"What's the use of stories that aren't even true?" For young Haroun Khalifa, eponymous hero of Charles Wuorinen and James Fenton's new opera based on Salman Rushdie's Haroun and the Sea of Stories, that is the question, and a terrible one at that. It is the Khalifas' neighbor, Mr. Sengupta, who, with delectable disdain, first doubts the value of stories. This is incomprehensible to the 11-year-old Haroun. After all, he is the son of Soraya, singer of enticing dream worlds, and the renowned storyteller Rashid. There are no ifs, ands, or buts here‹stories are Haroun's life.
But then one day, as is wont to happen, something goes wrong: Haroun's mother stops singing and runs away with the weaselly Mr. Sengupta, a man utterly devoid of imagination. To make matters worse, his father goes on a rampage and destroys all the clocks in the house, including Haroun's. That is the final straw, prompting the child to shout the fateful question at his father. The result is devastating‹Rashid loses his ability to tell stories‹and Haroun will spend the rest of the opera trying to take back those agonizing words.
In order to restore his father's narrative powers, Haroun embarks on a fantastical journey to the moon of Kahani. There he discovers that the Great Story Sea, source of all the world's stories, truly does exist‹just as Rashid had told him! The sea is aptly described by Iff, a water genie Haroun befriends, as a "liquid tapestry of breathtaking complexity."
Indeed, stories have always been fluid, chameleon-like, contradictory. Thus, it isn't quite as easy as Mr. Sengupta believes to separate Stories from Facts. It is hardly an accident that in French, histoire means both "history" and "story." Seen in this ambiguous light, "Once upon a time" becomes suggestive of not only fairy tales but historical facts and feats as well.
Where does that leave the storyteller? If stories can be either tall tales or the truth, is he an entertainer or an historian? Are the lessons he imparts wisdom or whimsy? Among its definitions of "storyteller," the Merriam-Webster Unabridged Dictionary includes "euphemism for a liar." But who would dare refer to Homer and Chaucer as liars? The tenuous position of the modern storyteller is equally present in the negative connotations surrounding the terms "fiction" and "myth." It is as though anything that is not based in scientific fact or historic truth must be built on lies. Yet stories thrive on the notion that truth masquerades in an infinite variety of guises. If stories are so quickly labeled and dismissed as lies, what's the use of speaking them at all?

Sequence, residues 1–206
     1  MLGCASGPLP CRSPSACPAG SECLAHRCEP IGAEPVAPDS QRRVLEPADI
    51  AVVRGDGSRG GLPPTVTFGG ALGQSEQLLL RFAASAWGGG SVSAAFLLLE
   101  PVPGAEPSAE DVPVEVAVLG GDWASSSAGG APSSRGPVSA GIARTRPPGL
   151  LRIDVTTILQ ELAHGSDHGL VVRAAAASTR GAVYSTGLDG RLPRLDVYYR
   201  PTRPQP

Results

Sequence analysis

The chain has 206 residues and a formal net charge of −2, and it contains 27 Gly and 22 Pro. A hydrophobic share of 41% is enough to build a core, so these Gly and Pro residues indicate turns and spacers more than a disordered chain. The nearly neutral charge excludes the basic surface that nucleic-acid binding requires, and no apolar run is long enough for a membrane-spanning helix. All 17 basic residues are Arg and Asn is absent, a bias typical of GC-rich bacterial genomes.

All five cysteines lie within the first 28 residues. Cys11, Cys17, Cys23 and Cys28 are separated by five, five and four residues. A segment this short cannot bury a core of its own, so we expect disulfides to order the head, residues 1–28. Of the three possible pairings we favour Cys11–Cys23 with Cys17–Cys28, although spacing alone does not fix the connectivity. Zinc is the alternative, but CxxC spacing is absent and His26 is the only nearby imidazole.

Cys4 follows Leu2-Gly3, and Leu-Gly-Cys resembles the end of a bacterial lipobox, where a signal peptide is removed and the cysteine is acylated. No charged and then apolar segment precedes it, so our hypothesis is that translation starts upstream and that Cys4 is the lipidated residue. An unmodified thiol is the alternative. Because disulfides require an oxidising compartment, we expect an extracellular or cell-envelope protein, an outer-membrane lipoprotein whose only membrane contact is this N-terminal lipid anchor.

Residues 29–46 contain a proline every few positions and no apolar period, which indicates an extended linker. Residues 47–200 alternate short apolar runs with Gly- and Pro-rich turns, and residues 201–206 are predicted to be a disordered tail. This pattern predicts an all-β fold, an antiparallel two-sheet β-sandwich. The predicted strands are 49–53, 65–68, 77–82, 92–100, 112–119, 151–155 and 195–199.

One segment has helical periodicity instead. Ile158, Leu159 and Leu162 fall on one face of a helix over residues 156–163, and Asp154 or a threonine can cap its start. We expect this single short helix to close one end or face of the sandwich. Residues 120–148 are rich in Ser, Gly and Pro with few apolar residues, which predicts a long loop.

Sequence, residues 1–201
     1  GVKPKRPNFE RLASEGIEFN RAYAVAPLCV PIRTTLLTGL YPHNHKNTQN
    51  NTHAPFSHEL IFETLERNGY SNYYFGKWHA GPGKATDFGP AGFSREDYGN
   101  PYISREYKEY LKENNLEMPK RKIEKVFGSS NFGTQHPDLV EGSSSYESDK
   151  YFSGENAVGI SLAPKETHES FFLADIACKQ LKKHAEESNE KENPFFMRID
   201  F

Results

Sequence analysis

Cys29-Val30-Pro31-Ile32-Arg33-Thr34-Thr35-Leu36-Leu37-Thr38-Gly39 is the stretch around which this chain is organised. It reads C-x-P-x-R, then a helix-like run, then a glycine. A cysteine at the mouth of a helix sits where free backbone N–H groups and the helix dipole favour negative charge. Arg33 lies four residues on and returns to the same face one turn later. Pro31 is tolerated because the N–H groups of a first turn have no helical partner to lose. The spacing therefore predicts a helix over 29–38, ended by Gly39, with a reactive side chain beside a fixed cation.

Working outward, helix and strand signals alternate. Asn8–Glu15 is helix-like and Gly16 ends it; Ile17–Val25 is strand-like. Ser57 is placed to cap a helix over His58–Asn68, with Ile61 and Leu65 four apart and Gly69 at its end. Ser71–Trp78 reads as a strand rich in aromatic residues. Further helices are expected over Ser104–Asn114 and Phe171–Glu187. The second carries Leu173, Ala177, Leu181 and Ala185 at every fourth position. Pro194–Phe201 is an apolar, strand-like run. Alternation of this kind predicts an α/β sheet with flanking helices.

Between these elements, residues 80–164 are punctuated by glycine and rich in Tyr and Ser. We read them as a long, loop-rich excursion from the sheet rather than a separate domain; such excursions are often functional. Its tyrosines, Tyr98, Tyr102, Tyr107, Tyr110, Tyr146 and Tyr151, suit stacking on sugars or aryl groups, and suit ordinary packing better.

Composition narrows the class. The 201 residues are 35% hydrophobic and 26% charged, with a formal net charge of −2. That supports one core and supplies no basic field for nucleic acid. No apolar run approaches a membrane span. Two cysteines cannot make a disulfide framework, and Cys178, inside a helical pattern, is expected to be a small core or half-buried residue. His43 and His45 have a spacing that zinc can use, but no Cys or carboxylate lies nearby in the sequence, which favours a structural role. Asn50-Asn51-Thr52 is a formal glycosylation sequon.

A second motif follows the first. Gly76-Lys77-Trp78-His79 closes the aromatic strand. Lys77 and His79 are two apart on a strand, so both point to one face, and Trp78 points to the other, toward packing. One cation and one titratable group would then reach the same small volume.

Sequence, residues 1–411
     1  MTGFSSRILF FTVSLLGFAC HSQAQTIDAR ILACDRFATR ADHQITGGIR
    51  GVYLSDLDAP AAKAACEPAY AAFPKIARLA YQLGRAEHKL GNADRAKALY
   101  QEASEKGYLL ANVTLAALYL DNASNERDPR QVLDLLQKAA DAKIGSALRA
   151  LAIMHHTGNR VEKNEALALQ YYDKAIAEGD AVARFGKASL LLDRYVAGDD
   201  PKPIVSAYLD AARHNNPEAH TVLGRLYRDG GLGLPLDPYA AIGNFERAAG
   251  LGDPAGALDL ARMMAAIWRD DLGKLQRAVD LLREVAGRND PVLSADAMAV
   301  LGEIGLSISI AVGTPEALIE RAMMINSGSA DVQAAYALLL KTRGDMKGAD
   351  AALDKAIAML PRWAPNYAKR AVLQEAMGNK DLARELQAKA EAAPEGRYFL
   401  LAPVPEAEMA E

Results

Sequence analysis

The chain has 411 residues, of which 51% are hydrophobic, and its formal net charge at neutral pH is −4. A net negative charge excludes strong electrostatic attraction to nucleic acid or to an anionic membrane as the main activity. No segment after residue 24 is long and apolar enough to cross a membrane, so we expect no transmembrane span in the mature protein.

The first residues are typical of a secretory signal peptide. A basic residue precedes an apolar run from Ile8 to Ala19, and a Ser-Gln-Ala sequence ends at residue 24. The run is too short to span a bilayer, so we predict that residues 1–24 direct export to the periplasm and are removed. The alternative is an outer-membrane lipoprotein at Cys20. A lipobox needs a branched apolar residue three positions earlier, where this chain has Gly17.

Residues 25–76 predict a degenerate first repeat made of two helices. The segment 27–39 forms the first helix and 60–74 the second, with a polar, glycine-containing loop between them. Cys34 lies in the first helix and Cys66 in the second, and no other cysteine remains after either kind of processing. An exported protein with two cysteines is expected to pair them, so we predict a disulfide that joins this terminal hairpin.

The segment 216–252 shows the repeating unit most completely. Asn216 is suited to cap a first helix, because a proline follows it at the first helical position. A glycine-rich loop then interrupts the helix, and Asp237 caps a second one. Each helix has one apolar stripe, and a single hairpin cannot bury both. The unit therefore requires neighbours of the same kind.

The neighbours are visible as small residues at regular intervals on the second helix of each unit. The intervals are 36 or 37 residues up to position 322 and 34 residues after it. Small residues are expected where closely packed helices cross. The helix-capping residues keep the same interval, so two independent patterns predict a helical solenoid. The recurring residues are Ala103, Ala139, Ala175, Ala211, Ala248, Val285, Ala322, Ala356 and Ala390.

This tension between stories and truth erupted in the most unprecedented way on Valentine's Day, 1989. It was the day Salman Rushdie suddenly found himself trapped in what he has since called "a bad Salman Rushdie novel," the day the fatwa demanding Rushdie's swift execution was issued. Why? Because The Satanic Verses, according to its Fundamentalist Muslim critics, contained passages that were downright blasphemous. Beyond the fact that these excerpts were taken grossly out of context, there remains the extraordinary phenomenon of an award-winning writer receiving an international death threat because of stories that aren't even true!
Haroun and the Sea of Stories was Rushdie's first writing endeavor after the fatwa, published two years after he was forced into hiding. To some, a children's tale might seem a curious next step for the author of a supposedly sacrilegious tome. However, Haroun is just as much a Rushdie novel as The Satanic Verses. Both books typify his trademark fusion of Eastern and Western influences with insights that are at turns riotous and reflective, mystical and mundane. Both create worlds in which boundaries of reality and fantasy are constantly blurred and renegotiated. In short, Salman Rushdie is a master storyteller; one whose initial desire to create stories came from the most unlikely of places‹Somewhere Over the Rainbow.